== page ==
Monday, November 05, 2012

We've Been Food Stamped

Food stamps have always been something of a mystery for me. I saw Food Stamped in college a couple of times and politics seems to keep circling around the matter of "free handouts," but food stamps were never a real thing until this year.

Since NEWARK ACTS pays us a small monthly stipend, we were encouraged to apply for food stamps, and the seven week process was tedious and frustrating. Here's what happened.

Day #1: We applied for food stamps online. Easy. Wait for a letter in the mail for our appointment time.

Day #2: A month later we hadn't heard anything so I went to the welfare building as a "walk-in." I was initially directed to the 10th floor, then to the 1st floor, then to the 2nd floor. The lady at the desk wrote my phone number on a sticky note and said they'd call me later.

Day #3: Later that week we got a letter in the mail with our scheduled appointment.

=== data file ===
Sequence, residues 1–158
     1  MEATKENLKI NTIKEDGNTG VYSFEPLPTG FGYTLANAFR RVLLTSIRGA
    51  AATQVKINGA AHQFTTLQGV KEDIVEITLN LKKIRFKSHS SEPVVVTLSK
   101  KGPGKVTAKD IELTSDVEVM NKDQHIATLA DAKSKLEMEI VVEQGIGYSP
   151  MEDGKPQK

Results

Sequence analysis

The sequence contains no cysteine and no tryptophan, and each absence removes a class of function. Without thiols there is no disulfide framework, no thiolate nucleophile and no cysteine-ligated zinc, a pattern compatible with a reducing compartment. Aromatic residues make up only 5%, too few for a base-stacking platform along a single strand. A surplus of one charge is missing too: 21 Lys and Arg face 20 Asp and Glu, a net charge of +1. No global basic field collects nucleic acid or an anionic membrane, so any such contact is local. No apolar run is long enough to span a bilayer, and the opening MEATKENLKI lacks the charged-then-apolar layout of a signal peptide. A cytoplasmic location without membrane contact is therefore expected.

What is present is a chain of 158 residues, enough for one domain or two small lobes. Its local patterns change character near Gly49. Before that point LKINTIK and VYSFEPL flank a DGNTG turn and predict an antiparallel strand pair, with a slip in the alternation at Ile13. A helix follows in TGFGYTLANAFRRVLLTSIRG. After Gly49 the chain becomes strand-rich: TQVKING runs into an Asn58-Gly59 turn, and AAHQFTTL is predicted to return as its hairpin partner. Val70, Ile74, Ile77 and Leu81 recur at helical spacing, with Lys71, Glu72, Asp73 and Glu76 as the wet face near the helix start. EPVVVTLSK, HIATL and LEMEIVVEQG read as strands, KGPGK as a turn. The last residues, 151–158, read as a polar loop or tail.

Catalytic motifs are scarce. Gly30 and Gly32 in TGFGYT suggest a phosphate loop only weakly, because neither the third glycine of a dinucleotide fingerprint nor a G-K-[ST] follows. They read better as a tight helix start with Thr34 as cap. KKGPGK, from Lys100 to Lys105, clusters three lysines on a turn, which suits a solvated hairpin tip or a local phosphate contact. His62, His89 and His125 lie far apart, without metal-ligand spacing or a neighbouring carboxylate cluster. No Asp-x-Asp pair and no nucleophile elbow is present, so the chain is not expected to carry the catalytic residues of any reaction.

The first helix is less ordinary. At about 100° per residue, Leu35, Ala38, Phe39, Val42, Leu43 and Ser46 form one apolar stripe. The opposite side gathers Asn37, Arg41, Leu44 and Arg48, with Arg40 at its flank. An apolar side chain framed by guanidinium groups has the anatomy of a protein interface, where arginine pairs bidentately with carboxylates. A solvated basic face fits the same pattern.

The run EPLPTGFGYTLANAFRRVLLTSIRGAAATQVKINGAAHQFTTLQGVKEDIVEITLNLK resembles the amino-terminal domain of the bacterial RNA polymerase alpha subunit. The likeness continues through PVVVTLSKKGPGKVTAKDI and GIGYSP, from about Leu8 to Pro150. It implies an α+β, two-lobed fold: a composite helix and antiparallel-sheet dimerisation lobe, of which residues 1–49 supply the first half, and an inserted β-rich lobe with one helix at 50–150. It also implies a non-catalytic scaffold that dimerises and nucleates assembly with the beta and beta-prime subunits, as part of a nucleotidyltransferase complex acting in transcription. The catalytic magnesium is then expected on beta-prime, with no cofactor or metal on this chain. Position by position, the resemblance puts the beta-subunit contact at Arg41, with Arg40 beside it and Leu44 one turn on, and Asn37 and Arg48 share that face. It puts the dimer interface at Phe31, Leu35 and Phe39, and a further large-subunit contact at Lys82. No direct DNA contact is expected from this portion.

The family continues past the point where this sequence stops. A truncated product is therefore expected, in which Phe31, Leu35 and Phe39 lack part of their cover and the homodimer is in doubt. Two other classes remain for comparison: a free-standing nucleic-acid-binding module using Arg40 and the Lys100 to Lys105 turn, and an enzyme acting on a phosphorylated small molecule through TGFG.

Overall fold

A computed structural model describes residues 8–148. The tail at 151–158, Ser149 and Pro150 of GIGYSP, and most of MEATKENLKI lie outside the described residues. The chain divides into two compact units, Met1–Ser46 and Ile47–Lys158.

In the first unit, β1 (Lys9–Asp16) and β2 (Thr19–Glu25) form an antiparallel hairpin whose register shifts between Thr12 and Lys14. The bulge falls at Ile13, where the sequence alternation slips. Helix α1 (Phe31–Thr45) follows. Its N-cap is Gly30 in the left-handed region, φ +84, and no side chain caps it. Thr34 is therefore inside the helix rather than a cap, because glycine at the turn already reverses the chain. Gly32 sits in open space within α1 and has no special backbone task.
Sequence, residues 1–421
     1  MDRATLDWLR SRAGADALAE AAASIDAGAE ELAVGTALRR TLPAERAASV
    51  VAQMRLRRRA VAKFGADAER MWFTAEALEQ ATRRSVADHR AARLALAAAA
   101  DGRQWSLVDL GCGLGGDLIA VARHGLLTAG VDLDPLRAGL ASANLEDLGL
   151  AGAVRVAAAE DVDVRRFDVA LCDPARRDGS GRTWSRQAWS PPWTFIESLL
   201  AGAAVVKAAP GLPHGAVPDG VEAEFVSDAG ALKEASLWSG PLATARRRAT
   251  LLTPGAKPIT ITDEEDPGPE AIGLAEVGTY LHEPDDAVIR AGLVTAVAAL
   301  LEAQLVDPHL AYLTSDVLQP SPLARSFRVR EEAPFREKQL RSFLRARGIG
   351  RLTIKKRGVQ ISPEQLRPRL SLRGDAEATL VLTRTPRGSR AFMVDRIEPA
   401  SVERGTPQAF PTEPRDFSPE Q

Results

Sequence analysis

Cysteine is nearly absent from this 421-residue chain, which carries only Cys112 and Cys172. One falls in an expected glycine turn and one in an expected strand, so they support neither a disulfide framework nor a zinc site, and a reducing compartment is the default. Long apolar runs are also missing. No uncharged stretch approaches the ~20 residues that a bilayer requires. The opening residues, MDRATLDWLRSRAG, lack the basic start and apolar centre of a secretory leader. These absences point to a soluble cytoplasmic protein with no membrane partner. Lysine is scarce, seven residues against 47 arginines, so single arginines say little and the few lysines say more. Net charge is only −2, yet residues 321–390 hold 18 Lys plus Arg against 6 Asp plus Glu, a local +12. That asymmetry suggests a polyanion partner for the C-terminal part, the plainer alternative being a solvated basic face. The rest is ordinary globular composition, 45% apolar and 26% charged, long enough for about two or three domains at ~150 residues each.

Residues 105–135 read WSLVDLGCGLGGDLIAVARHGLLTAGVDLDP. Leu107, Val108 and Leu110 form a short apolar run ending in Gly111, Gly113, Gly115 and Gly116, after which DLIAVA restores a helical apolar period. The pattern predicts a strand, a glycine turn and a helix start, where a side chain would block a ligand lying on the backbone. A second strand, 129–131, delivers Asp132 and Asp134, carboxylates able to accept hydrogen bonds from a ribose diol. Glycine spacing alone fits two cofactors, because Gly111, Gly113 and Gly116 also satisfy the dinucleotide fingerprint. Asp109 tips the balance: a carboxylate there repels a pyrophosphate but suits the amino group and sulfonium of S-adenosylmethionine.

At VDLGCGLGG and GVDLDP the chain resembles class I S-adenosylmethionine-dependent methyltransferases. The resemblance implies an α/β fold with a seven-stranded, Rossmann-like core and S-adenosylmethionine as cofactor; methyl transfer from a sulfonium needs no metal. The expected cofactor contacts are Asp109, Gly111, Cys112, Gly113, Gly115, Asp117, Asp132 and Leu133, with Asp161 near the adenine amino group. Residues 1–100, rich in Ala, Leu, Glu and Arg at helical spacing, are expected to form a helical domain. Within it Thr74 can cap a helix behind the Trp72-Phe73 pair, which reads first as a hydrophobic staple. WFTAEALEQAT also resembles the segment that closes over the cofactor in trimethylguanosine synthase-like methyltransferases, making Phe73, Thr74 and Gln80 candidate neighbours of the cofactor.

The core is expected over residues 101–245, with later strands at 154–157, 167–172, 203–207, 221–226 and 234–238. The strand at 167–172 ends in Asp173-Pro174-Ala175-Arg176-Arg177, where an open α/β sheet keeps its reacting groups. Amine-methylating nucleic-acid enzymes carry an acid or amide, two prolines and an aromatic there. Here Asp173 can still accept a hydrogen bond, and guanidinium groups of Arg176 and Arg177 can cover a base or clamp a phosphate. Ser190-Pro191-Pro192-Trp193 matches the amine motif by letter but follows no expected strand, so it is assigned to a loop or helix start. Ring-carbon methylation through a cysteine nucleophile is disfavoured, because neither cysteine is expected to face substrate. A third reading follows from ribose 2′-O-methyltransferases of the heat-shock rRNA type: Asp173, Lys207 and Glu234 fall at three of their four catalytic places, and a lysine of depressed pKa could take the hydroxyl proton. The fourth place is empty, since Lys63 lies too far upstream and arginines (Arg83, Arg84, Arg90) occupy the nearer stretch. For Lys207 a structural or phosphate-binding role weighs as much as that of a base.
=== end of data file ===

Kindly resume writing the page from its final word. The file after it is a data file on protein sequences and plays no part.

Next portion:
Day #4: Erin and I sign in and wait for our meeting. We get there at 9 a.m., and wait until noon. Our interview takes 45 minutes. We're out of there four hours later. Wait a couple of weeks for our case to be processed.

Day #5: Two weeks later a letter arrives in the mail. We can pick up our card.

Day #6: Go back to the welfare building. Wait on the 1st floor; get redirected to the 8th floor; wait in line; get my name called; sign my new card; leave. HOORAY  Seven weeks later we have food stamps, y'all  I call the 1-800 number to check the balance and . . . $16 a month. My heart sunk.

It's a wonder that anyone ever gets government aid. All the hoops and waiting and forms and confusion. For me it was easy to take a day or three off from work to deal with the process, but I assume most people can't do that. Mrs. Toews and I didn't get much money, but whatever. We have plenty to live off of. 

The big thing is that my eyes were opened to what millions of people go through because they have no other choice. I saw young mothers, elderly folks, and everyone in between hoping they get some help feeding their families. We're all hungry, waiting on the cold blue plastic chairs in the dirty room with harsh lights and scratched tiled floors, ignoring the crying babies and loud music from our neighbor's iPod headphones, wishing we were somewhere else.

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